A family of longtime museum supporters is reconsidering a $10 million pledge to the planned facility that bears its name, the future Stans Museum of Life and Environment.
The millions had been promised by Steven Stans, who died unexpectedly a few months after the announcement was made last September. The money was designed to help spur fundraising efforts for the $50 million museum, planned to be built on the banks of the Catawba River on land donated by Jane Spratt McColl.
Fundraisers had to match the pledge 2 to 1 within three years to get the full amount. It would have been the largest contribution to the future museum, which would tell the story of people and place in the Carolina Piedmont.
But now that money may not come, museum officials told the York County Council on Monday night.
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"They lost their leader," Sandy Barnes said of Steven Stans. Barnes is chairman of the Culture and Heritage Foundation, the nonprofit set up to raise money for York County's Culture & Heritage Museums, which plans to build the Stans museum. "He was the guy running the show."
Museum officials said they would leave the Stans name on the museum until they heard back from the Stans children sometime later this year.
"They're still committed to the project and want to make a significant pledge," said Gary Williams, chairman of the Culture & Heritage Commission.
The Museum of York County has housed the stuffed and mounted big-game animals that patriarch Maurice Stans collected during his trips to Africa. The former commerce secretary under President Nixon placed an ad in 1952 searching for a home for his safari animals. Maurice Stans never lived in York County, but his animals have been in the museum for decades.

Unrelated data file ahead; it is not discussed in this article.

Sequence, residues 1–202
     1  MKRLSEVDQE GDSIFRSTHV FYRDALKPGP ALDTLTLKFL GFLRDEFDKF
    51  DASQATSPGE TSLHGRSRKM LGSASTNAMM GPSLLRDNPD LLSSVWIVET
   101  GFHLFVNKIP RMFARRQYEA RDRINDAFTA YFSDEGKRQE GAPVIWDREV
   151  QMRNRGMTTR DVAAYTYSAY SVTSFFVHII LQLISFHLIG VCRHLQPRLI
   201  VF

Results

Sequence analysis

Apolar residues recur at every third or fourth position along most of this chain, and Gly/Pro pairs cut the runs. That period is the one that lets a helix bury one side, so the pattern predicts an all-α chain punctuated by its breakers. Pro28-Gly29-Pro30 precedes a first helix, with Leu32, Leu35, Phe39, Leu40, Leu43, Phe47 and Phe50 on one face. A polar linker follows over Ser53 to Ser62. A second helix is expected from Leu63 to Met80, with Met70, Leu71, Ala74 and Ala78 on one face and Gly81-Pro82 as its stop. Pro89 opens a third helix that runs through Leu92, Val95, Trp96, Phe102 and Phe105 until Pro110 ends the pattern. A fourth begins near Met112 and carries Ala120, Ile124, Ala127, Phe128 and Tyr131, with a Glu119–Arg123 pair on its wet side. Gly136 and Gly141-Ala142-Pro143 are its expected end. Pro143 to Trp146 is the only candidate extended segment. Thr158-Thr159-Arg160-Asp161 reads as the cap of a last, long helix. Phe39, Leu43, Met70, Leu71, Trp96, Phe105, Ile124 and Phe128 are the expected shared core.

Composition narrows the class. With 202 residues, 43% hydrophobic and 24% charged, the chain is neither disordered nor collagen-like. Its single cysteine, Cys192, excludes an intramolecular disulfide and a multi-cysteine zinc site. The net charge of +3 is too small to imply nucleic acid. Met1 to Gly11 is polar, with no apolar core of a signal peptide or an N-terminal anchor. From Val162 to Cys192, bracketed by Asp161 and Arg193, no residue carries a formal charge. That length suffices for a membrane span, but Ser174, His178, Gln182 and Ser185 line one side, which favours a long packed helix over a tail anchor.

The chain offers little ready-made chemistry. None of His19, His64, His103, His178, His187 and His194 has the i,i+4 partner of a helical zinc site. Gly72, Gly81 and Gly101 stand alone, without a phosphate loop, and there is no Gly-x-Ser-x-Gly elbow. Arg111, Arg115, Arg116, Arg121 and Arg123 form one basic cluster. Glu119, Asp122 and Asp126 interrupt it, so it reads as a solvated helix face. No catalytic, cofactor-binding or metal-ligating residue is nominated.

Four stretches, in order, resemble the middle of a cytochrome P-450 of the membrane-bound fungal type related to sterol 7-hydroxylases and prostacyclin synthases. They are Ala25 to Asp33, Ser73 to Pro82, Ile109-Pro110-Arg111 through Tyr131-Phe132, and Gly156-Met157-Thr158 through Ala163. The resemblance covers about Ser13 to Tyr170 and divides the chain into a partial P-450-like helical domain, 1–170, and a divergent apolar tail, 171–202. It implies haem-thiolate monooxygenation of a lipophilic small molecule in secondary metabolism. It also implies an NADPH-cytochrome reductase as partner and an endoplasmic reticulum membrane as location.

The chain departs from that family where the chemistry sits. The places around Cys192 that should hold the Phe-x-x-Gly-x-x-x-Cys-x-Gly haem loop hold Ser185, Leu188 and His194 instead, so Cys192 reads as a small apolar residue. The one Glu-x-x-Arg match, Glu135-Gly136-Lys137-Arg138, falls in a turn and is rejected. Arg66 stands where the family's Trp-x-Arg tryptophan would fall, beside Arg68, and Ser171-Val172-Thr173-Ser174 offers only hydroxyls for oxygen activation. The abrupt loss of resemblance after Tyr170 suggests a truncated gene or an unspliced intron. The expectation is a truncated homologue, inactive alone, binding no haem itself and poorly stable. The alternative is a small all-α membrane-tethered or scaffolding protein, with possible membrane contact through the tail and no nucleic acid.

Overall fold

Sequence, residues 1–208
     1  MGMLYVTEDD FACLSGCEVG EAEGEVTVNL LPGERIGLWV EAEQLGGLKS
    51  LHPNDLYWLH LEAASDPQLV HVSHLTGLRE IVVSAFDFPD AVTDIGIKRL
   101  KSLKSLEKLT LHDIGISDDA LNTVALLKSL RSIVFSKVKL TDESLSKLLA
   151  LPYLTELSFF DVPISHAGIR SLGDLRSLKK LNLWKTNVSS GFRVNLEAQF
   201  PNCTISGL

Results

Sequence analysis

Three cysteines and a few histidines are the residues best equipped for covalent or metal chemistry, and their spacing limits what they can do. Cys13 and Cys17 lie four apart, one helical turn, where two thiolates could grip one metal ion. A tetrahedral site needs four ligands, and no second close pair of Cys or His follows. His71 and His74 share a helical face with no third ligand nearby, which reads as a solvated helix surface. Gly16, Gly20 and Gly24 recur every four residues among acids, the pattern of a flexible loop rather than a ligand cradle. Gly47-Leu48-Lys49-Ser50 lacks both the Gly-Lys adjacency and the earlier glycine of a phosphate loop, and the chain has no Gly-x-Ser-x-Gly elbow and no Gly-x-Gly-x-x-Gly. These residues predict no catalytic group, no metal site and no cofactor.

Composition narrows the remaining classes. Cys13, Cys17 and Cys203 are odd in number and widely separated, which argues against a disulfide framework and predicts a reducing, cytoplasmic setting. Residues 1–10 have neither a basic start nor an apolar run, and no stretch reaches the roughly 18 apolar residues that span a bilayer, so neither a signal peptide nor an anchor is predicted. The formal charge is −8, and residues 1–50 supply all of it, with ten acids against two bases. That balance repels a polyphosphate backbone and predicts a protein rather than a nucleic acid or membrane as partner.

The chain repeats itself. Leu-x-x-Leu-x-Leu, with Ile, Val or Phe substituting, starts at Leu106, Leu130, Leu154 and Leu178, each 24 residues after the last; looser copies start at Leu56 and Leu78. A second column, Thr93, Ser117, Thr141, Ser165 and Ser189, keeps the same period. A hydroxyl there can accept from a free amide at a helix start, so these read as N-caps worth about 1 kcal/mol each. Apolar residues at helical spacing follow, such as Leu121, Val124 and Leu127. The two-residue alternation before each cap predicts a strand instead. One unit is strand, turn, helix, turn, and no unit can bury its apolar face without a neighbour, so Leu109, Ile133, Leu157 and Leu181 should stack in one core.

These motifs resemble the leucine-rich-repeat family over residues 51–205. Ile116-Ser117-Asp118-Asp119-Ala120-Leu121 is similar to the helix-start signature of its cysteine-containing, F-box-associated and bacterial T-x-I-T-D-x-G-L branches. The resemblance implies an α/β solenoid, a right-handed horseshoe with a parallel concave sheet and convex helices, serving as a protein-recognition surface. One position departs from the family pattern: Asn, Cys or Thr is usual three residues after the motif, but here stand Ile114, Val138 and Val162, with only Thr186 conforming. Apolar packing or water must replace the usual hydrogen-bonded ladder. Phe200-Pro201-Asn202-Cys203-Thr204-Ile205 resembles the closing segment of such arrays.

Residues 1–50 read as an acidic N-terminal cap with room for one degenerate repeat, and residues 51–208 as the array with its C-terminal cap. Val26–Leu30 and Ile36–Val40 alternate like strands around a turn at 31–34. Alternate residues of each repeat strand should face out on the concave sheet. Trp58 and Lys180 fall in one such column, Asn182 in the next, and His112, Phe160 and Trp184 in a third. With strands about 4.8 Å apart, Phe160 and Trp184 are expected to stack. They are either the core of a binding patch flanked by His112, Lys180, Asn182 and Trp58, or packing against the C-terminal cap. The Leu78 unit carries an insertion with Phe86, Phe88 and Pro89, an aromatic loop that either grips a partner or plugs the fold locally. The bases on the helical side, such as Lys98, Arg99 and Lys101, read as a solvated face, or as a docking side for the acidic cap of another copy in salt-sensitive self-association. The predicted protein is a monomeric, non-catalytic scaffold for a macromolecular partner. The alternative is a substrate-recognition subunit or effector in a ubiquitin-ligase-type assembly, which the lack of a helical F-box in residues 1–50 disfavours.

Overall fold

Over the years, the family has given money and collections. Maurice Stans died in 1998, but his son, Steven Stans, had continued to support the museum.
The museum's fundraising campaign has been slow. Its capital campaign, which officials have bundled with fundraising for Historic Brattonsville and the McCelvey Center in York, the county's other historic sites, began five years ago. The total cost for the three sites is $60 million.
Officials said Monday outside the council meeting that they did not know offhand how much money they had in the bank. Van Shields, director of the Culture & Heritage Museums, said there was no way to get that figure Monday night.
As of last November, they had secured $7 million in individual and corporate gifts, The Herald has reported. Barnes estimated Monday night that the foundation had raised about $700,000 since then for the three sites, including a $300,000 donation from John Bratton Jr. for Historic Brattonsville.
Museum officials said they would still be able to raise the money needed, however long it takes.
"We have a plan in place," Barnes said.
The museum has worked with Cherokee Investment Partners in the development of 350 acres surrounding the planned museum site. The land will be turned into an eco-friendly, sustainable community that will generate revenue to help pay for the museum.
Construction could begin on the Kanawha community next year, and Shields anticipates more money and more visitors because of the development's success.
"There are tour buses that go to Baxter just to see Baxter," Shields said. "There will be buses coming to Kanawha, too."
While consultants predicted about 320,000 visitors annually to the Museum of Life and Environment, Shields said he thinks there will be many more.
Architects still have to draw the blueprints that will show how much each part of the building would cost, what it would cost to run and other details. That will take about 19 months, Shields said. Then museum construction, which could be done in phases, would start later as money allows.
"With any luck, there could be a shovel two years after that," he said.